Have you ever lay in bed tossing and turning, wishing you could fall asleep? While most people have trouble falling asleep some nights because of a late evening coffee or a stressful day, those who suffer from chronic insomnia are at a serious health risk if they don’t get an adequate amount of sleep. Approximately 15 percent of older adults in the United States suffer chronic insomnia, which can lead the way to cardiovascular disease, hypertension, weight gain, type 2 diabetes and even an earlier death.
Life science researchers at the University of California, Los Angeles have discovered the answer to two questions whose answers have eluded insomnia and sleep researchers in the past: Can treating insomnia reduce inflammation, and what is the most effective therapy for treating insomnia? The study, published in the journal Sleep¸ shows that treating insomnia led to decreases in a known marker of inflammation called C-reactive protein (CRP).
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"What we found particularly intriguing was that the levels of the CRP inflammatory marker remained low even 16 months after treating the insomnia," said Michael Irwin, first author and professor of psychiatry at the UCLA Semel Institute for Neuroscience and Human Behavior.
In testing therapies for chronic insomnia, the life science researchers at UCLA compared these three treatments:
- Cognitive behavioral treatment (CBT), a type of therapy that focuses on identifying and changing the thought patterns that lead to negative behaviors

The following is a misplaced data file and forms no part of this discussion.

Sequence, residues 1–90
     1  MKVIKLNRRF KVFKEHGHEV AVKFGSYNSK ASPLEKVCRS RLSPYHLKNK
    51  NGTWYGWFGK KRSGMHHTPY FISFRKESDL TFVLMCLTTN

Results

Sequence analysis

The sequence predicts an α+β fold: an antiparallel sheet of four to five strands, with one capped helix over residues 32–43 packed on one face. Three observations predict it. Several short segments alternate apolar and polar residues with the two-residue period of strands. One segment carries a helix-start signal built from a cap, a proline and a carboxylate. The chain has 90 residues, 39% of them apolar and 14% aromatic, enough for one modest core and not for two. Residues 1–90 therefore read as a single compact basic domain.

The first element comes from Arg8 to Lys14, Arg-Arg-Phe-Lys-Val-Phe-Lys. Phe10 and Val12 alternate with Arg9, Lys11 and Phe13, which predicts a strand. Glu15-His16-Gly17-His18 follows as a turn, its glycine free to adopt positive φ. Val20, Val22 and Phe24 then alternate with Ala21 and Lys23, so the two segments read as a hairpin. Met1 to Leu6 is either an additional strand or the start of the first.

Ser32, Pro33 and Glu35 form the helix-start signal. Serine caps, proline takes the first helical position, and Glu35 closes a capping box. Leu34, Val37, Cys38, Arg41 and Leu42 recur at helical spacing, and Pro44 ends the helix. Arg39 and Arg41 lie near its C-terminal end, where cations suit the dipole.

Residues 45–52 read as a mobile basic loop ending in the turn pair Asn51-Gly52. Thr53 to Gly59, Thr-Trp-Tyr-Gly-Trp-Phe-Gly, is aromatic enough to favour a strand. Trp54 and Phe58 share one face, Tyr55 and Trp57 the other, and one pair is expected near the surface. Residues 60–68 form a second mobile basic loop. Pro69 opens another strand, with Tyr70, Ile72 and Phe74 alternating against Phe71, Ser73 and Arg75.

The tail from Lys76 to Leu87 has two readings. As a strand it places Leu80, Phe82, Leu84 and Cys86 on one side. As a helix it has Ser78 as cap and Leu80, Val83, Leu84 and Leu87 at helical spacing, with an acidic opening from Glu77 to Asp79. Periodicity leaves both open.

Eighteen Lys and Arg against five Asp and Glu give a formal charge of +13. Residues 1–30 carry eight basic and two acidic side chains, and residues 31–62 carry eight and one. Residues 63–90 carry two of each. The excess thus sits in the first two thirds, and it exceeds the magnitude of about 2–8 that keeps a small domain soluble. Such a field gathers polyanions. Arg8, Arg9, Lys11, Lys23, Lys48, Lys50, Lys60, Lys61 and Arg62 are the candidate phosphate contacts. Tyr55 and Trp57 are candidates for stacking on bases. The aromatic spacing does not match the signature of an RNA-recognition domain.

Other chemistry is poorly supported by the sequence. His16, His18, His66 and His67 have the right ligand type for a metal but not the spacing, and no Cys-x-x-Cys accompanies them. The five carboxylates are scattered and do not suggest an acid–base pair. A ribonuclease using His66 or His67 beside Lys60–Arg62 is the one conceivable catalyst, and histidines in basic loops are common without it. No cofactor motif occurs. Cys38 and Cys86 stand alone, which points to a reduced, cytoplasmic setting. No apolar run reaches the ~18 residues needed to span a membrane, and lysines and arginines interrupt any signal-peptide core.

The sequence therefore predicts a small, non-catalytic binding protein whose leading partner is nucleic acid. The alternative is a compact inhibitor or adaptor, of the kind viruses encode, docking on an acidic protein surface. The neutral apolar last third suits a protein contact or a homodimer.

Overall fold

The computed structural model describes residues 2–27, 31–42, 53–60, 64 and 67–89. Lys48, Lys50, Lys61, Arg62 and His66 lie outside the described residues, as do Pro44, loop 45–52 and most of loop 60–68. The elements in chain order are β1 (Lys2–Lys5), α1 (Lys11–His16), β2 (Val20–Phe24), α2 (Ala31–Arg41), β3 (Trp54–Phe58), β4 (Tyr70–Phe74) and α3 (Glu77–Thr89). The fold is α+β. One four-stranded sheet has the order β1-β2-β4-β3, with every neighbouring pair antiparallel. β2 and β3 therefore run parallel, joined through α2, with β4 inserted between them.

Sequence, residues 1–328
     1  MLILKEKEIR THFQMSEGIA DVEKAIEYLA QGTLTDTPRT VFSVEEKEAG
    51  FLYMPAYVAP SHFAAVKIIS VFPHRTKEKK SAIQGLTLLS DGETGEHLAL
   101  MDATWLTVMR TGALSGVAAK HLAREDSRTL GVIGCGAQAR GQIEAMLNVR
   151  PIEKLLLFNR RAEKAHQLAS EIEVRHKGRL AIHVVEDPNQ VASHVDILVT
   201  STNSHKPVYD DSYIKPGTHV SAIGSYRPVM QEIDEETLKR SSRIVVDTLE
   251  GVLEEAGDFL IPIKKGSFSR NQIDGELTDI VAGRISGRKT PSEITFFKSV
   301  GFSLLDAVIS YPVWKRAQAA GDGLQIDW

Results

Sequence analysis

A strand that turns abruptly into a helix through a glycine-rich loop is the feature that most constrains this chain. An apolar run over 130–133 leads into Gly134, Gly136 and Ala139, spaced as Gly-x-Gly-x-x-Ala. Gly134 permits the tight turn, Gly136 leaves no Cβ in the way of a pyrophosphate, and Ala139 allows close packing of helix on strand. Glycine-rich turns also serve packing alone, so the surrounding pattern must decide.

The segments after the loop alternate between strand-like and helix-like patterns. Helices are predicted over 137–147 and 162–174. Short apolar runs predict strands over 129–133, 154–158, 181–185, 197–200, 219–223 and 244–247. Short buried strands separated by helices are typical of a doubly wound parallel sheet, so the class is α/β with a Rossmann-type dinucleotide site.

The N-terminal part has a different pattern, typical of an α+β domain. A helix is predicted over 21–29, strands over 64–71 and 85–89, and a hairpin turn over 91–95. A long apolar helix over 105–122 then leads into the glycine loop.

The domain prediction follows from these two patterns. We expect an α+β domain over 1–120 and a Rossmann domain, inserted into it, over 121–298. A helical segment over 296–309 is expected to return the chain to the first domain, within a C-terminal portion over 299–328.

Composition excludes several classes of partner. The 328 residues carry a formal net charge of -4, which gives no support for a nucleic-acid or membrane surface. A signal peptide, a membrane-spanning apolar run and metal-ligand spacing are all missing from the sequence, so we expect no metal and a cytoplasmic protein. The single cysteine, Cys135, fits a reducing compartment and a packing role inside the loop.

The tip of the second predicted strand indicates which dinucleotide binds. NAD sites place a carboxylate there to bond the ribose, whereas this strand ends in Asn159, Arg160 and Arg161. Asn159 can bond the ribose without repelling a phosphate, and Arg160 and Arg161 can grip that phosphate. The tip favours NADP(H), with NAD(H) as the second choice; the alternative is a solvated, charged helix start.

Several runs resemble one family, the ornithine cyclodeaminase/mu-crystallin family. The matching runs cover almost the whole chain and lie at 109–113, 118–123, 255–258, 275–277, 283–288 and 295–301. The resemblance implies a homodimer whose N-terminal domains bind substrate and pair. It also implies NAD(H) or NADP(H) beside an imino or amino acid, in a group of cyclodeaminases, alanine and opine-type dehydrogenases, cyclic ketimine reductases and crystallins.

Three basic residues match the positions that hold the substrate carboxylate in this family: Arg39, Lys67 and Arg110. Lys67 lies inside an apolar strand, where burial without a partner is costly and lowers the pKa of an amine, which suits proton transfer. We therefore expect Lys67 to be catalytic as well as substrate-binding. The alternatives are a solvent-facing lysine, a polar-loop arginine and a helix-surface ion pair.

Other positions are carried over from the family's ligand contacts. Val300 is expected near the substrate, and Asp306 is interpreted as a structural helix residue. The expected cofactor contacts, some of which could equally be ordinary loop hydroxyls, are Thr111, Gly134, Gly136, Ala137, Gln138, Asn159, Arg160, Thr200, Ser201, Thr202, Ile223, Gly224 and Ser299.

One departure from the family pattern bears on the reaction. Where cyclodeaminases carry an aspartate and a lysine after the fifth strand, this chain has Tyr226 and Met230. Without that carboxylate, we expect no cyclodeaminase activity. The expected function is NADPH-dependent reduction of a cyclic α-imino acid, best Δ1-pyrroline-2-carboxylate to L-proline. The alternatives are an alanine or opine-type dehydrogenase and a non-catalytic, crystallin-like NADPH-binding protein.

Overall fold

- Tai chi chih (TCC), the westernized version of a martial art originating in China
- And sleep seminar education that focused on the physical, medical and psychosocial factors that could be the root of their sleep problems
The researchers found that cognitive behavioral therapy worked far better than tai chi chih and sleep seminar education. Patients who went through CBT noticed improvements in sleep quality, the ability to sleep throughout the night, fatigue and depression. In this same study, Dr. Irwin noted that the benefit of treating insomnia to reduce inflammation works as well as strenuous exercise or weight loss.
"Finally, if insomnia is untreated and sleep disturbance persists, we found that CRP levels progressively increase," Irwin said. "Together, these findings indicate that it is even more critical to treat insomnia in this population who are already at elevated risk for aging-related inflammatory disease."
In order to fund life science research such as this insomnia and inflammation study, scientists at UCLA receive grants for lab equipment, lab services and other research expenses. UCLA is a highly funded marketplace with over $1 billion in funding. Consider these statistics for the University of California, Los Angeles:
- UCLA receives $1 billion in research funding per year.
- In August 2014 alone, UCLA received $108 million in research funding.
- Thus far in FY 2014-2015, UCLA’s basic biomedical sciences have received 22 awards totaling $4.8 million.
- $263.4 million has been awarded to UCLA thus far for FY 2014-2015.
- As of September, the National Institutes of Health has given UCLA $318.9 million in funding for 2014.
- The National Science Foundation awarded UCLA $69 million in 2013.
If you would like to meet face-to-face within well-funded life science researchers in a $1 billion market, Biotechnology Calendar, Inc. invites you to exhibit at the Biotechnology Vendor Showcase™ Event at the University of California, Los Angeles on October 9th, 2014.
To learn more about life science marketing events in other regions of the United States, see the 2014 calendar of events and 2015 calendar of events. Click on the button below for comprehensive funding statistics and vendor show information for the University of California, Los Angeles.